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A Basic Intro To Xrf Guns For Prospecting


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Great introduction, Jason.  I was familiar with using microprobe analysis with electron microscopes to identify elements in microscopic targets such as plankton shells for research back in the 80’s, (it was basically the same as XRF, but not a very portable version), and am amazed at seeing how portable the technology has become!  I don’t need a hand held XRF gun, but when those GPXRF 8000 mono coils are finally released to the public for doing lead discrimination, I will be one of the first wanting to pre-order it! 😁

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I've been thinking about trying to build a homebrew scanning electron microscope for like 15 years. One of those things that will probably always be a month off in the horizon and never get around to though. Like cleaning out my garage. :smile:

I was in school in the early 2000's and even then XRF's were totally beyond the range of affordability even for the university so we never could play with them, though we did have a SEM which was cool. The last 5 years or so have really brought units that could be used for prospecting onto the used market finally. It really feels like a Star Trek tri-corder type device to me in many ways, sorta unreal.

Discrim only works to a whopping 1/100th of a inch or so though unfortunately on the GPXRF 8000. :laugh:

 

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51 minutes ago, jasong said:

I've been thinking about trying to build a homebrew scanning electron microscope for like 15 years. One of those things that will probably always be a month off in the horizon and never get around to though. Like cleaning out my garage. :smile:

I was in school in the early 2000's and even then XRF's were totally beyond the range of affordability even for the university so we never could play with them, though we did have a SEM which was cool. The last 5 years or so have really brought units that could be used for prospecting onto the used market finally. It really feels like a Star Trek tri-corder type device to me in many ways, sorta unreal.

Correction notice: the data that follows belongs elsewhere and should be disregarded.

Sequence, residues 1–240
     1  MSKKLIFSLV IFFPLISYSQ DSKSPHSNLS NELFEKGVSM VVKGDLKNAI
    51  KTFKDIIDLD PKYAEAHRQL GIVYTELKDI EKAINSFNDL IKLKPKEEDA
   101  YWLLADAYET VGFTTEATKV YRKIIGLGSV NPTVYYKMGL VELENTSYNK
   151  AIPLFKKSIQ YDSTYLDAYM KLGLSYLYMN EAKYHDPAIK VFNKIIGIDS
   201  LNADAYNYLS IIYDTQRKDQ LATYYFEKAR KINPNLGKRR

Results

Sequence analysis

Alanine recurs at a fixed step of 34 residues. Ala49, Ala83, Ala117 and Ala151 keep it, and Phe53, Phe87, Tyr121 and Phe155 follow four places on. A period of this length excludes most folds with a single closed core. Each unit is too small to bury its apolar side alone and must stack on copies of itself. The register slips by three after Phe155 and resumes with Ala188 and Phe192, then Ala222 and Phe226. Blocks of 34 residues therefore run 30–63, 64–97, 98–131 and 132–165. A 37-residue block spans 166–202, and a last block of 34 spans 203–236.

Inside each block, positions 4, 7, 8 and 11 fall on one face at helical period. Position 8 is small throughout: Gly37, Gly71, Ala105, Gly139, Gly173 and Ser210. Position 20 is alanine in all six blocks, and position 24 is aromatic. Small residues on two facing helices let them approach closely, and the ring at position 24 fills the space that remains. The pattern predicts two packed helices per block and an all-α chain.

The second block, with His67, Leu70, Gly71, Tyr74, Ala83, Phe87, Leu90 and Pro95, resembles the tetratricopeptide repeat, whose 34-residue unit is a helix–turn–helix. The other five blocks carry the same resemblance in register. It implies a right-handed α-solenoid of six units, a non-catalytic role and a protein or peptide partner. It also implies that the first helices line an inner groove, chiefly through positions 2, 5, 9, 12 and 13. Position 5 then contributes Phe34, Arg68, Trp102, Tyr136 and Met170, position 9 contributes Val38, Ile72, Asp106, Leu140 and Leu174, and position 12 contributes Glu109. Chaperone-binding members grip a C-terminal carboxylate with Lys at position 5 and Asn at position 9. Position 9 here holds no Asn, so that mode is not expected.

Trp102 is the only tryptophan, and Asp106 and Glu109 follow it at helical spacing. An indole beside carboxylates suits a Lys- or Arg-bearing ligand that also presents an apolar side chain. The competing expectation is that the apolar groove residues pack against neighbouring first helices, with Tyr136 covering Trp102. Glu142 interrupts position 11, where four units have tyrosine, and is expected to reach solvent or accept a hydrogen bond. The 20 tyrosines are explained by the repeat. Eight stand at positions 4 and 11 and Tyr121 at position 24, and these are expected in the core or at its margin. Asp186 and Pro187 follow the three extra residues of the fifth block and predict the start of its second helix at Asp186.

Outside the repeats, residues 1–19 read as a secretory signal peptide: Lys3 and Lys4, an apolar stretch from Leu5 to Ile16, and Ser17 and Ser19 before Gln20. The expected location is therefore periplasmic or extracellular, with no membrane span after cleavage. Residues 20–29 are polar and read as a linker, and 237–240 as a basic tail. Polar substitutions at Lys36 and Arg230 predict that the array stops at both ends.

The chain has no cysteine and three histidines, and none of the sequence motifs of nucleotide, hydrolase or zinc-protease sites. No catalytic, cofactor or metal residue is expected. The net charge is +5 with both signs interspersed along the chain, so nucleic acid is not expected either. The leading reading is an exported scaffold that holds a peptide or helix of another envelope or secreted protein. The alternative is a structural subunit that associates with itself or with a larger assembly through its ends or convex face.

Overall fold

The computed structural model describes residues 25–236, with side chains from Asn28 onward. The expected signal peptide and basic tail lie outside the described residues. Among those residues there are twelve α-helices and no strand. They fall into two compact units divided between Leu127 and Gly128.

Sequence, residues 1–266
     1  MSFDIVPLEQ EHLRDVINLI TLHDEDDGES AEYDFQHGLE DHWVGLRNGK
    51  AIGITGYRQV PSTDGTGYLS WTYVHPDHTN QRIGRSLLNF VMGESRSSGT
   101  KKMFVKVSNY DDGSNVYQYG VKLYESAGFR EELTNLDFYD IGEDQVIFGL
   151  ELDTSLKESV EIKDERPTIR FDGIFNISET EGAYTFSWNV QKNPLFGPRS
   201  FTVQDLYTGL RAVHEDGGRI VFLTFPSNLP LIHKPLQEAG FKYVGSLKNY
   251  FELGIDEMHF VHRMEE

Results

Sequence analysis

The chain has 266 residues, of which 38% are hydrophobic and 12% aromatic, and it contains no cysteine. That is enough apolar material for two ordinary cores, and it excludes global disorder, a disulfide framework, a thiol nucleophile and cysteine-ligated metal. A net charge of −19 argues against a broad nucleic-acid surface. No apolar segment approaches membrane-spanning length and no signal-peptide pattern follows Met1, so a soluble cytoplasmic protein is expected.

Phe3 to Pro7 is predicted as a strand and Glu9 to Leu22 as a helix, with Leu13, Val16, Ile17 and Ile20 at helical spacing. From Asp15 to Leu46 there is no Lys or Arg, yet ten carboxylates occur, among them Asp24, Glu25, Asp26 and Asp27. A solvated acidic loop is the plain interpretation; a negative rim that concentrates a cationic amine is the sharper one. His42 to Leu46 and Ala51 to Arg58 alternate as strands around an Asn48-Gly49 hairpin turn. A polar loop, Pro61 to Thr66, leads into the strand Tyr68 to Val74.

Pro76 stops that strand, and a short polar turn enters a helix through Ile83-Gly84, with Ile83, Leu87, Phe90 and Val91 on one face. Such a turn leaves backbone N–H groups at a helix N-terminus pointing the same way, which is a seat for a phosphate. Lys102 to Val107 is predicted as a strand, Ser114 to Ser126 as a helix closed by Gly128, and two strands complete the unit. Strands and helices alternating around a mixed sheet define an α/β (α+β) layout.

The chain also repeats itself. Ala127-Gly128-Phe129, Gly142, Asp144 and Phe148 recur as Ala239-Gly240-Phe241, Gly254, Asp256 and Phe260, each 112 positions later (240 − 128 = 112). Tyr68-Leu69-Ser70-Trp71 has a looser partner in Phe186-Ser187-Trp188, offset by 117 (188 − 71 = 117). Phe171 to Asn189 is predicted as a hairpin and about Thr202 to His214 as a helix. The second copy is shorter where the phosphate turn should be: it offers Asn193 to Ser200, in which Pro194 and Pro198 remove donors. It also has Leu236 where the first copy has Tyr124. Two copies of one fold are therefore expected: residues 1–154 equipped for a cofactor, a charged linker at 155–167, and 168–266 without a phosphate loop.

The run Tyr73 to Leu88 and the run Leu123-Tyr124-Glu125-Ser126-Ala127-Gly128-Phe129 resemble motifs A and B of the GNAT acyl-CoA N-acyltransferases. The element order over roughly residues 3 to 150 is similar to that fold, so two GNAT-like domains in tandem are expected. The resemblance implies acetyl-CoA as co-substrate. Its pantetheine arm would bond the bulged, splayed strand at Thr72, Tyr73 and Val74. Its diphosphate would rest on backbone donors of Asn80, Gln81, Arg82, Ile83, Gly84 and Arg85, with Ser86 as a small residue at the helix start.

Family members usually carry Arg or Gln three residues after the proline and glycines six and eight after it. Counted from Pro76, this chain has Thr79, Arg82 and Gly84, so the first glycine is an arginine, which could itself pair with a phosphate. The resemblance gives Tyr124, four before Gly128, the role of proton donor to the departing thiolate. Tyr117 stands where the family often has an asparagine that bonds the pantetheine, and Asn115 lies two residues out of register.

Discrim only works to a whopping 1/100th of a inch or so though unfortunately on the GPXRF 8000. :laugh:

 

Oh man, you want to make a SEM too?!  I saw that project on hackaday and it was on my bucket list too, but have you seen the scanning tunneling microscope? That would be a really cool build, looks easier than the SEM also.  Pretty cool to be able to get a image of atomic structures up close like that, hu?

 

You have to see the author's image gallery, too - examples of gold atoms and crystals there too:

https://dberard.com/home-built-stm/image-gallery/

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That's cool, I saw a similar one except it was on a forum back in 2003 or so that dealt with building coilguns and railguns and a guy posted a SEM DIY tutorial. These newer ones look like better designs, and easier. I actually have most the stuff in the SEM guide other than the HV Arduino shield, I even have that finite element analysis program they are using, it's not really needed though.

I've been thinking about making videos again except not prospecting/detecting since so many people are making those nowadays. I thought it'd be fun to build amazing stuff like this that few have heard of, out of stuff laying around. My first project is going to be building a laser out of common household trash I find laying around McGuyver style (semi cheating since I've done this before out of 50% trash basically so I have a rough idea ahead of time what to look for), then I might look at a microscope.

Those crystalline gold STM photos are cool. I wonder if cryptocrystalline structure pattern analysis could be used to track/match placer gold to it's lode source. I don't think anyone has ever studied that, mostly they just do elemental fingerprinting.

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Great post and some really good information with the reading of this subject.

At one time I had given it some thought about one of those, but now see the reasons not to get one. The way I have banged up and dropped some of my tools, I would have it out of calibration in no time.

I think I will just learn these detectors my grandfather left me and be happy once I can find time to get out and hunt.